It was supposed to be a quiet evening. The kids had gone to bed and US Representative Katherine Clark and her husband had settled in, watching “Veep,” on Sunday night.
Suddenly, police lights engulfed their Melrose home.
Clark was startled to find cruisers blocking both ends of her street and police officers, “some with long guns,” on her front lawn. An officer told her they had received a report of an active shooter at her house — a false report, it turns out, possibly prompted by her legislation that would go after similar pranks.
“It’s a pretty terrifying sight at 10 o’clock, after a nice weekend with your family,” she said.
In an interview, Clark said she believes she was the victim of a practice known as swatting — maliciously calling in a false report to police designed to elicit a large law enforcement response, like a heavily armed SWAT team.
Clark said she assumes she was targeted because she has spoken out on the issue. She is the sponsor of the Interstate Swatting Hoax Act, which would make it a federal crime to spur an emergency response by any law enforcement agency without cause.
A Melrose police spokesman, John Guilfoil, said the department received a recorded telephone call with a computer-generated voice at 9:57 p.m. on its business line. The call, Guilfoil said, referred to “shots fired and an active shooter” at Clark’s address.
He said Melrose police officers, but not a SWAT team, responded to the address, spoke with the homeowner, and determined the call was hoax and there was no danger.
Guilfoil said the department is investigating.
“Certainly when you have an apparent false report that is intended to raise the alarm of the police department, one could infer that someone or some entity was trying to elicit a large police response,” he said.
Clark, a 52-year-old Democrat who has made fighting cyber abuse one of her top priorities since arriving in Congress in 2013, said she learned about swatting from news reports and some of the victims of severe online harassment with whom her office has been working.
Swatting has been a tactic used by, among others, some in the online video gaming community.
Swatting incidents have targeted a wide range of people, from high-profile celebrities such as Ashton Kutcher to a New Jersey state legislator pushing for an anti-swatting bill, according to published reports.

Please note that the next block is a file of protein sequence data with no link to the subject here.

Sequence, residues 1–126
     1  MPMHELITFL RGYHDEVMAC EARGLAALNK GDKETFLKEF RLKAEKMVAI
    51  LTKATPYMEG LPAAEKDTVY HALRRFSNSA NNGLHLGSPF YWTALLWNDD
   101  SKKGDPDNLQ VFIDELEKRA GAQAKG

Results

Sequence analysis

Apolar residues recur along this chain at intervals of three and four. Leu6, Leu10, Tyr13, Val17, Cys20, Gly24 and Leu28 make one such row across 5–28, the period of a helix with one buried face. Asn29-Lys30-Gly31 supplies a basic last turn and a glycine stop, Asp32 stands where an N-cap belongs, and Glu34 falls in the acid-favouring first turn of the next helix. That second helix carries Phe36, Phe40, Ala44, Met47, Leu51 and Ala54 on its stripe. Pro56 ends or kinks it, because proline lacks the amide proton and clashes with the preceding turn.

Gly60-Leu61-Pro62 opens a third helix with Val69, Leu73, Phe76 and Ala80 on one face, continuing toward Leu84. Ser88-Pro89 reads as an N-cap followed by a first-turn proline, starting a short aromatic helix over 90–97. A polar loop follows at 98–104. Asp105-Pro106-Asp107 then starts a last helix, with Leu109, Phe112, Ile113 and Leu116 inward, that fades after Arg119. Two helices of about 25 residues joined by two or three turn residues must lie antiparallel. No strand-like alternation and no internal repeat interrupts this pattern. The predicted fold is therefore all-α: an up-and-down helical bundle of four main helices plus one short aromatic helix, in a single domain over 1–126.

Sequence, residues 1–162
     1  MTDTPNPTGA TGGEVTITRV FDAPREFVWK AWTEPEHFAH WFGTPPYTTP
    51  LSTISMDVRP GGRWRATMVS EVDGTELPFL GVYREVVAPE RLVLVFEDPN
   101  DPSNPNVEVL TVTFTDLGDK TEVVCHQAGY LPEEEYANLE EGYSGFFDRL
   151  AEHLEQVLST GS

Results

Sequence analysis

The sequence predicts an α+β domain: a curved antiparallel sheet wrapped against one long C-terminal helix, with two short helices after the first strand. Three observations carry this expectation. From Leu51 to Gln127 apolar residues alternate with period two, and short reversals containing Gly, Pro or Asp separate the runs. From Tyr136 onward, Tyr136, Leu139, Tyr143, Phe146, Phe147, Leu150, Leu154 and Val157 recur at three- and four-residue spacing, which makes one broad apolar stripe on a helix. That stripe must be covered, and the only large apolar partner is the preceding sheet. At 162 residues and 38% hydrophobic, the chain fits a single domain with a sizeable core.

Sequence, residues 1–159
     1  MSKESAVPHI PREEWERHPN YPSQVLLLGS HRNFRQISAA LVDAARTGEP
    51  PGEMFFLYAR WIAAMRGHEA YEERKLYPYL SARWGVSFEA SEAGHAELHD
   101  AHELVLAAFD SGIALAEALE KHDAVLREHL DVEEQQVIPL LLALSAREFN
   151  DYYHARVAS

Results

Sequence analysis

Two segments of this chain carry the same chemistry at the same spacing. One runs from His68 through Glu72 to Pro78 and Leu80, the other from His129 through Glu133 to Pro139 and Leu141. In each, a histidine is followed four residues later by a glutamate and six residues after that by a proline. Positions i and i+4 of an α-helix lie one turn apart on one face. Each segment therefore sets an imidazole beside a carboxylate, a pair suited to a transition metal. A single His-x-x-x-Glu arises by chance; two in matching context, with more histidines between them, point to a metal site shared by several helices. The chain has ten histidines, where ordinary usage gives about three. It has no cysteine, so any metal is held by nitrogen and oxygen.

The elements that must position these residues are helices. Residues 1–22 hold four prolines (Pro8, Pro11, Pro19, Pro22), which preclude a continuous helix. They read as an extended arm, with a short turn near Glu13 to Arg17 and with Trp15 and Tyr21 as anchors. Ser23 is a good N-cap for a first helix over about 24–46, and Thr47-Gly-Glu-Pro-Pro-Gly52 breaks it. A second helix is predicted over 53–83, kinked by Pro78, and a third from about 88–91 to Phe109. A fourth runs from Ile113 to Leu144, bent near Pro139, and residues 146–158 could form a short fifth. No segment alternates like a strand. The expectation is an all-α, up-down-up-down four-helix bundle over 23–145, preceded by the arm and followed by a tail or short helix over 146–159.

Eight years ago, the FBI sounded the alarm about the practice, but it hasn’t gone away.
Her bill, which was introduced in November and has bipartisan support, would set up a regime of fines and punishments, including up to life in prison if death results from the swatting.
Clark said it’s important to have a federal crime that specifically fits the criminal behavior of maliciously trying to elicit a heavy law enforcement response. That, she said, could help law enforcement deter and prosecute acts of swatting.
US Representative Patrick Meehan, Republican of Pennsylvania, a former prosecutor and a cosponsor of the Clark bill, said the threat associated with swatting is very real. Homes and schools in his district, he said, have been targets of the malicious practice.
He said the bill would give federal authorities a better framework to go after swatting, which sometimes takes place across state lines.
Boston’s former police commissioner, Edward F. Davis, a security consultant whose clients have included the Globe, said swatting is “a serious problem across the nation.”
He said it’s terrifying for the victims and draws limited law enforcement resources, meaning they won’t be available for a real emergency.
Swatting is “something that really does need severe legislative penalties,” he said.
Clark said it is fortunate that in her situation the emergency response to the fake report did not end in violence.
“But that’s not always the case. So the criminal punishments go up in accordance with what harm is inflicted,” she said. “And it also provides that, if we can catch the perpetrator, [prosecutors] also have the ability to make them pay for the cost of these events.”
Clark, who represents cities and towns from Winthrop to Woburn to Ashland, praised the Melrose police, but said the experience Sunday night was deeply disconcerting.
Asked if she would be less vocal about the issue now, she laughed and said no.
“If that was the intent of calling in this event,” Clark said, “I think they have underestimated my commitment to making sure that we do stop this practice.”
Clark said she had been very sympathetic to people who have been the victims of swatting before Sunday night but now fully understands what it’s like.
The experience, she said, “will really cause me to double down.”Jim O’Sullivan of the Globe staff contributed to this report. Joshua Miller can be reached at email@example.com. Follow him on Twitter @jm_bos. Click here to subscribe to his weekday e-mail on politics.